In 1900, Puerto Rico produced practically everything it needed to feed its population. That was 120 years ago. Today our Island only produces approximately 12 percent of what we consume. About a million skilful ropes are required for agriculture, so that we have the opportunity to be self-sufficient in terms of food security. .
According to information compiled by agronomists from the Agricultural Extension Service and the local Department of Agriculture, more or less 15 percent of citizens have a garden at home, of which 15 percent, the majority are in rural and suburban areas. urban.
With the arrival of the happy pandemic we thought that everything would collapse and that this practice of home gardens would diminish dangerously … but instead … it was the other way around !!!
Forced to be cloistered, you have to find what to do, in addition to watching Netflix and sports channel … no one resists at home that long, much less our Puerto Rican race.
The first two months, the sale of my seeds, books, and packed soil dropped considerably. To my pleasant surprise and to my creditors, at the moment they began to experience an upward curve that refuses to go down. Cotsco, which distributes my land “Douglas Choice” (the only one that sells), has doubled purchases and we had to triple production because I also sell to Walmart, Home Depot, and Gramas Lindas. The sale of my seeds (which are sold at Walmart, Econo, Home Depot, Selectos and in many farmhouses and garden centers, still dance. The garden and gardening books are sold out and the fruit tree goes in the same. Here the old adage “the misfortune of some is the prosperity of others” is revealed.
It is very logical to think that people are thinking that because of the pandemic in China, we will run out of rice, and because of the contaminated rice in Texas, no more red meat will arrive in Puerto Rico. There is concern for health … and for the This has not happened since 1920. As a consequence, each household (some think) should start a garden … and this has been the case. According to the increase in the sale of our land, almost 35 percent of us are making a home garden …. do you know something! … something that will perhaps make the hair stand on end even for bald people like me. You do not have to come a pandemic, or a world war, tsunami, earthquake or a great economic depression to stay without food in Puerto Rico … no … you don’t have to go to those extremes.Our food security is more finite than that.Puerto Rico has on its soil simultaneously, food for 27 days, and so on, freighters keep arriving at the San Juan Bay uninterruptedly, 24 hours a day, 365 days a year. In this way we ensure that we have supplies for almost a month at all times … and this is where the thing is to be alarmed or think very seriously that every home should have even a pot with tomatoes or sweet potatoes.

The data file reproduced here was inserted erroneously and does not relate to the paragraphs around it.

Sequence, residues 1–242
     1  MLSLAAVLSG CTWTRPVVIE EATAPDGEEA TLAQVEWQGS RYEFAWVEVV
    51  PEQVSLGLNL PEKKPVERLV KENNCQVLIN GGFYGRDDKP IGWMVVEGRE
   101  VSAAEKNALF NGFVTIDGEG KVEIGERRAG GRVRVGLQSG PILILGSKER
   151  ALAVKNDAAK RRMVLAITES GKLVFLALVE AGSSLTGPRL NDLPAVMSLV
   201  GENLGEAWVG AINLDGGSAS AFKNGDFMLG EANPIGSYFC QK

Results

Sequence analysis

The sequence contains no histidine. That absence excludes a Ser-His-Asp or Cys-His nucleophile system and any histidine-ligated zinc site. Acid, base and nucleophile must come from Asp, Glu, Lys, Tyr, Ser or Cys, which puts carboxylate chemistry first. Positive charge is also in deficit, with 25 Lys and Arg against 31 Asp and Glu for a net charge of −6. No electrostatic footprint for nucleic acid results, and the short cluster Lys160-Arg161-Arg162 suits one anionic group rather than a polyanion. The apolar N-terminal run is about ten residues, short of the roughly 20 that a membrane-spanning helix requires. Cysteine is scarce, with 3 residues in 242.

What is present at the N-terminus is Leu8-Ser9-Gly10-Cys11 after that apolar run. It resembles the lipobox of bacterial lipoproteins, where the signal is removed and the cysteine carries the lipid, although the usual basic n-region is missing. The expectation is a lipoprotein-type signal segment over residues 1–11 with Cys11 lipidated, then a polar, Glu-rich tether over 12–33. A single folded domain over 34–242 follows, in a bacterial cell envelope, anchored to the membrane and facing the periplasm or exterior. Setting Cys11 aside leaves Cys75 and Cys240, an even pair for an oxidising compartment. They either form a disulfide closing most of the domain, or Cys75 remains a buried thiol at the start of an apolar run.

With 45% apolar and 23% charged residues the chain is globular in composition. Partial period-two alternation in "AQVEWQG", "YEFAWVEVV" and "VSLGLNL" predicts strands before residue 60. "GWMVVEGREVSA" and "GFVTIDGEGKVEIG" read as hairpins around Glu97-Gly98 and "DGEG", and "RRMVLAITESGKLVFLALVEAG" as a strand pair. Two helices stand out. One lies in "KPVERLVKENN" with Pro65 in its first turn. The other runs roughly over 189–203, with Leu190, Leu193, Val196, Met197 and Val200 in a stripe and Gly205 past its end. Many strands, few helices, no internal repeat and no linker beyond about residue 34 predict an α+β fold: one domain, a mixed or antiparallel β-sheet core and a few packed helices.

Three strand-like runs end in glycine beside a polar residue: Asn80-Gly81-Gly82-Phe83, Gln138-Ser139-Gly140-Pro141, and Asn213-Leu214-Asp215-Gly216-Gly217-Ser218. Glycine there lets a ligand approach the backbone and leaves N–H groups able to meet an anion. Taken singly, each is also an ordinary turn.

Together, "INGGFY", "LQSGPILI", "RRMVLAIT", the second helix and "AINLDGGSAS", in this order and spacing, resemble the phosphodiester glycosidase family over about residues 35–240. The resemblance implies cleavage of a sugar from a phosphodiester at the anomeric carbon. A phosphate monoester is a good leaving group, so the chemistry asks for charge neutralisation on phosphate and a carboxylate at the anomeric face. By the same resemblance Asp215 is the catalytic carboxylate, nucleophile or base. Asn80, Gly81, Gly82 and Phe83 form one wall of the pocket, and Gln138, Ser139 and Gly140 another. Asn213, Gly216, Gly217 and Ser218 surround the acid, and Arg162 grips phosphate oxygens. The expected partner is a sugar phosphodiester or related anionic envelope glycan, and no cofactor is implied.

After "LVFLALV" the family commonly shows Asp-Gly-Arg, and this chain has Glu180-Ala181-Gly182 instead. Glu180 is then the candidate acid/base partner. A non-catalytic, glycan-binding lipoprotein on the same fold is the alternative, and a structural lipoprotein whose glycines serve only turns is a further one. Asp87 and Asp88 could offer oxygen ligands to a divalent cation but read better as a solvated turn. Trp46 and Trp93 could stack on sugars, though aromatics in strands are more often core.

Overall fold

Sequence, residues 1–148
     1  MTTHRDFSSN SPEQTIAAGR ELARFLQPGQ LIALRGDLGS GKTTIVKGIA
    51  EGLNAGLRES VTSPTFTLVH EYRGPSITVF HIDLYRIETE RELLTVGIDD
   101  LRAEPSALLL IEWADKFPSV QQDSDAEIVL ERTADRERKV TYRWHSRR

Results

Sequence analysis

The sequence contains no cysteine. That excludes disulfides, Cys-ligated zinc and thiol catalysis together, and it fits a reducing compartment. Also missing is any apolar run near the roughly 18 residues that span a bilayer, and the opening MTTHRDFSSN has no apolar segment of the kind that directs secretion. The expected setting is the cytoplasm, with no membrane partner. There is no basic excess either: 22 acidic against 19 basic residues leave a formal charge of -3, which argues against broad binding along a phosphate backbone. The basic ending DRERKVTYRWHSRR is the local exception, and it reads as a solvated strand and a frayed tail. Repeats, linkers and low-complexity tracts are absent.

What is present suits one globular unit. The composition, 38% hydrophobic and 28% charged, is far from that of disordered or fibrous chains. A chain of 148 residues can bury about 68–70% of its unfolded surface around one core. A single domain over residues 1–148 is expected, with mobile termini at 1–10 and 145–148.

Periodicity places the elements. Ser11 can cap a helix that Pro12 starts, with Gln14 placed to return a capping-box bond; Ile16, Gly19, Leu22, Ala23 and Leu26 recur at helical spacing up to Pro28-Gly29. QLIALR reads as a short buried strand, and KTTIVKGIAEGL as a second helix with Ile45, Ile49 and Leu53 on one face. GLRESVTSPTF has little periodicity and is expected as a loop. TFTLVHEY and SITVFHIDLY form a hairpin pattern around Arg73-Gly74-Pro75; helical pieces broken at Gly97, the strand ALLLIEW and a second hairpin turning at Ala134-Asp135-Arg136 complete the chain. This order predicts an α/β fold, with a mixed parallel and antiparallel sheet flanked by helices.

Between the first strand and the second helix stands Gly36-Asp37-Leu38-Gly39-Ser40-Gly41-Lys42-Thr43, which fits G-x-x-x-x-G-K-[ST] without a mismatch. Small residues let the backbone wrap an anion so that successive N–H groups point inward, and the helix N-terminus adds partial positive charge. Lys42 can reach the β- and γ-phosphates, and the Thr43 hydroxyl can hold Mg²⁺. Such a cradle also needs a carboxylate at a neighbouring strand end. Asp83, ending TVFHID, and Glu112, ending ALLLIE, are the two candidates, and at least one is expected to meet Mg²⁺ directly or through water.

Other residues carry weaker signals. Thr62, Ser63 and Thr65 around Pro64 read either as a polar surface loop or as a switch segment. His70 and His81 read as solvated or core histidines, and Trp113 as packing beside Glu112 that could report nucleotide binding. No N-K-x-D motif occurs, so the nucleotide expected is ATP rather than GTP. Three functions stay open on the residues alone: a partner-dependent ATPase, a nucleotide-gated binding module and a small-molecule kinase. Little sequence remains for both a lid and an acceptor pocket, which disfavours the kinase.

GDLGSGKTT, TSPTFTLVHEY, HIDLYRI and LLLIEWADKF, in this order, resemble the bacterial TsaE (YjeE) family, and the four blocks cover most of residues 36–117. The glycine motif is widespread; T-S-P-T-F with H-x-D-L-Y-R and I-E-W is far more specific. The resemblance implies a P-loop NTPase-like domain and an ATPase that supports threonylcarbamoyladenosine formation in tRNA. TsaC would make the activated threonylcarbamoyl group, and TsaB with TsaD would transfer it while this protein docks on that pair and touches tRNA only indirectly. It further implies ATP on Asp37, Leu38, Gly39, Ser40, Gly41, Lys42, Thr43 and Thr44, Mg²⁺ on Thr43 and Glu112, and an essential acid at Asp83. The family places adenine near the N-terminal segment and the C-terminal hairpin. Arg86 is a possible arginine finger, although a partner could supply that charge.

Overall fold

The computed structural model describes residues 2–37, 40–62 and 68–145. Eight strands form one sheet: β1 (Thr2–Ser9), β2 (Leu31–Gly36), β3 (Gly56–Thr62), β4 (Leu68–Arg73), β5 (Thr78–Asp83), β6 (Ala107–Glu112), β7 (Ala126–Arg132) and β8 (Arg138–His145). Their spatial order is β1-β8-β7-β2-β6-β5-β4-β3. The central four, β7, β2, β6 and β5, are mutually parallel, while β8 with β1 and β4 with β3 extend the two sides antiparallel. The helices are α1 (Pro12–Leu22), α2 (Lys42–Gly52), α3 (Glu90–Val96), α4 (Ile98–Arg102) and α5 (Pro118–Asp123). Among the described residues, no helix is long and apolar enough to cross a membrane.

It is enough for one of those freighters to run aground at the mouth of El Morro, and block the entrance for a week, so that the routine foods that arrive incessantly at the supermarkets do not enter the docks. When the Newscast says the mess in which we are, .. as always we start to hoard as if the world were going to end.
But … even worse, the port of Jacksonville is vitally important to our pantry, that’s where almost 90 percent of our supplies come from. Can you imagine a dock stevedores strike?
If they do not load the boats, they do not leave for the Island … and a strike is likely in each negotiation of agreements between uniformed personnel and managers.
The pandemic is creating gardens … and I hope that this practice is not temporary
Hopefully we love the earth, the sun, sweat, and ants. We need our children, neighbors, grandchildren and friends to catch … with orchard fever.
You must have the opportunity to bring to the table a tomato that you harvested in a planter … in an old bucket. Lettuce is ready in 46 days and corn and carrot in 110. The peppers, tomatoes and aubergines … in 80 or 90 days … the bananas in 8 months and the sweet potato in six.
If you dare and wish … and Cielito invites me, I will keep you informed and it will be a privilege to give you ideas and procedures to make a garden. You can get my books in the main bookstores in the country or call my office (787 536 6945) and they will be sent to your house. The garden book is now in its 9th edition and there are about 120 thousand copies in homes and offices in Puerto Rico … at that level it is the fever. Take care, do not get covid … get the garden fever. Stay home, put on your mask.